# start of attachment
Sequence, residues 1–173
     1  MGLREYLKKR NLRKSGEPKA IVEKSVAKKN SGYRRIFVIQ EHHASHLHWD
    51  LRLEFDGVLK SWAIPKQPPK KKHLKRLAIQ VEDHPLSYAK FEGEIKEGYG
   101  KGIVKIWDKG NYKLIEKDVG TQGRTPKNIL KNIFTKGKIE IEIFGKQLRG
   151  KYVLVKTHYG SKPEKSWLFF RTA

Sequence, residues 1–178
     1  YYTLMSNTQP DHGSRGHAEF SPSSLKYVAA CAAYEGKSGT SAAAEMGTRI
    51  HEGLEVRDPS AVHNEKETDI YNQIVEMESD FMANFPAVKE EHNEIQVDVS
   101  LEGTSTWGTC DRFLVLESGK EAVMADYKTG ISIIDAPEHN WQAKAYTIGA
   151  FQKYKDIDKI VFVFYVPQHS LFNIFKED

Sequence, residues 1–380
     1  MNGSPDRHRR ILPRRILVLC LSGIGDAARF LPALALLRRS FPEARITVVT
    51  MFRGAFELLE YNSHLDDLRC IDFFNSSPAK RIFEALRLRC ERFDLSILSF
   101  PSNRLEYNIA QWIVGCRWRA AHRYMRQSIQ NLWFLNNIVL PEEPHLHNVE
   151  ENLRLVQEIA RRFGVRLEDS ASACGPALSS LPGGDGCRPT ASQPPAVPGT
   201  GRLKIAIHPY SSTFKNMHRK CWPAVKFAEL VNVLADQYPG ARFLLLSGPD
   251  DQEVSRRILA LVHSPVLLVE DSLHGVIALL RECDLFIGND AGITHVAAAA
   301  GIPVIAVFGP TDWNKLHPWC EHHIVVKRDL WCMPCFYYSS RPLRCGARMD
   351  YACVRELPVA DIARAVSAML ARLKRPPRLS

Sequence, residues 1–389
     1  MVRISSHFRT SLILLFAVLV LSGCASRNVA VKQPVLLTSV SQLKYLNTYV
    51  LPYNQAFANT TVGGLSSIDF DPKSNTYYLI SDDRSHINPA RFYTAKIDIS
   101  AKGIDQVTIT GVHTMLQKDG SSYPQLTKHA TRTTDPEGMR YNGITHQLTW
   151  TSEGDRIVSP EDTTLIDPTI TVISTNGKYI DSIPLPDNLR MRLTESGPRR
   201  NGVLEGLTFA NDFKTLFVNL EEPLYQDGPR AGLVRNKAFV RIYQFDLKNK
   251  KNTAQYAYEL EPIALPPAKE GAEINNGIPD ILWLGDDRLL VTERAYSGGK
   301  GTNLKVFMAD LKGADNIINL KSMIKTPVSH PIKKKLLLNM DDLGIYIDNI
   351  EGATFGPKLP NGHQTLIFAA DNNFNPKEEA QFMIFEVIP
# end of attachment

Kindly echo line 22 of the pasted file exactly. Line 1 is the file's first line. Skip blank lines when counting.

    51  LPYNQAFANT TVGGLSSIDF DPKSNTYYLI SDDRSHINPA RFYTAKIDIS